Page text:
CHICAGO, March 23 (UPI) -- U.S. doctors and patients tend to avoid discussing sex despite the well-established link between sexual function and overall health, researchers said.
A survey, conducted by a team of University of Chicago researchers, found nearly two-thirds of OB-GYNs routinely inquire about patients' sexual activity but other aspects of female sexuality are not routinely addressed. Twenty-nine percent of doctors routinely asked patients about satisfaction with their sexual lives and 28 percent routinely confirm a patient's sexual orientation.
The study's authors said their findings point to a clear need for stronger guidelines for doctors on conducting a thorough sexual history.
"As a practicing OB-GYN, many of my patients say I'm the first physician to talk with them about sexual issues," Dr. Stacy Lindau -- associate professor of obstetrics/gynecology and medicine-geriatrics at the Pritzker School of Medicine -- said in a statement. "Sexuality is a key component of a woman's physical and psychological health. Simply asking a patient if she's sexually active does not tell us whether she has good sexual function or changes in her sexual function that could indicate underlying problems."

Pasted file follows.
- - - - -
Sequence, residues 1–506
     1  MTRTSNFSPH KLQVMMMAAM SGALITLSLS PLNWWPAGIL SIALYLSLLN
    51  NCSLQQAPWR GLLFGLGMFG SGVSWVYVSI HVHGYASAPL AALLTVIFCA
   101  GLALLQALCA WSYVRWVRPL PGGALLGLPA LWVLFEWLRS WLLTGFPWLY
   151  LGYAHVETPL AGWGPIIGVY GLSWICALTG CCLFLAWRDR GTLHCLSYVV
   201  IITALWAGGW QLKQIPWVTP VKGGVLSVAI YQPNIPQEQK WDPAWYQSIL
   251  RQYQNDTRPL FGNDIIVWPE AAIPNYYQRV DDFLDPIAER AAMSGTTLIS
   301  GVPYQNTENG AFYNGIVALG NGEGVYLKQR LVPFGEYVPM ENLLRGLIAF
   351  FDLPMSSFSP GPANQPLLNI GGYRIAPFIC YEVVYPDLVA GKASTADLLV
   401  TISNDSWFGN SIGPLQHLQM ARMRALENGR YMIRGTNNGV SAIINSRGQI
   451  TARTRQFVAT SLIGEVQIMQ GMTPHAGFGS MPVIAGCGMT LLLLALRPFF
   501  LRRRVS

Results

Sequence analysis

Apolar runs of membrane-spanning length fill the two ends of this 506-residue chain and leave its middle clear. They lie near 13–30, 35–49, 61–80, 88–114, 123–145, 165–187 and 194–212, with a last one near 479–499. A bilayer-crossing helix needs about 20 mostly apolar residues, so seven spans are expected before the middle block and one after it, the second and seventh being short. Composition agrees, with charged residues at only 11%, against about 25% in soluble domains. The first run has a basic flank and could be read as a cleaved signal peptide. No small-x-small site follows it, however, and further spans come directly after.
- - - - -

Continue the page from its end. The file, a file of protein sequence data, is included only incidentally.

If the doctor doesn't ask about sex, patients often assume the topic is not welcome for discussion, Lindau said.
"Many women are suffering in silence," Lindau said. "Patients are often reluctant to bring up sexual difficulties because of fear the physician will be embarrassed or will dismiss their concerns. Doctors should be taking the lead. Sexual history taking is a fundamental part of gynecologic care. Understanding a patient's sexual function rounds out the picture of her overall health and can reveal underlying issues that may otherwise be overlooked."
The findings were published in the Journal of Sexual Medicine.